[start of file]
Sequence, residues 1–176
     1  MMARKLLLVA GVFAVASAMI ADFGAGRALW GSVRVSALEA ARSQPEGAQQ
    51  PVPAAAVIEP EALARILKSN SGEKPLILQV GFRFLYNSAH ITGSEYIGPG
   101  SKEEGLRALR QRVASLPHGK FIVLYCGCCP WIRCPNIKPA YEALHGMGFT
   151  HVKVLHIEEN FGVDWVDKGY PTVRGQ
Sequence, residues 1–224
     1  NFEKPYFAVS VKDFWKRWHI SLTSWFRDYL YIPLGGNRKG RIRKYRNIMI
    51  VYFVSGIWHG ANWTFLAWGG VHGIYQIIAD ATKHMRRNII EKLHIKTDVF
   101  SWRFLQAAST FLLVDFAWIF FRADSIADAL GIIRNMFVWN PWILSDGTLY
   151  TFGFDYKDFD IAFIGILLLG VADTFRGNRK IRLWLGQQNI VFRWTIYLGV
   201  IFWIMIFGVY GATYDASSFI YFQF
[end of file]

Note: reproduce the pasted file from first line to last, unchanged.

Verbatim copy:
Sequence, residues 1–176
     1  MMARKLLLVA GVFAVASAMI ADFGAGRALW GSVRVSALEA ARSQPEGAQQ
    51  PVPAAAVIEP EALARILKSN SGEKPLILQV GFRFLYNSAH ITGSEYIGPG
   101  SKEEGLRALR QRVASLPHGK FIVLYCGCCP WIRCPNIKPA YEALHGMGFT
   151  HVKVLHIEEN FGVDWVDKGY PTVRGQ
Sequence, residues 1–224
     1  NFEKPYFAVS VKDFWKRWHI SLTSWFRDYL YIPLGGNRKG RIRKYRNIMI
    51  VYFVSGIWHG ANWTFLAWGG VHGIYQIIAD ATKHMRRNII EKLHIKTDVF
   101  SWRFLQAAST FLLVDFAWIF FRADSIADAL GIIRNMFVWN PWILSDGTLY
   151  TFGFDYKDFD IAFIGILLLG VADTFRGNRK IRLWLGQQNI VFRWTIYLGV
   201  IFWIMIFGVY GATYDASSFI YFQF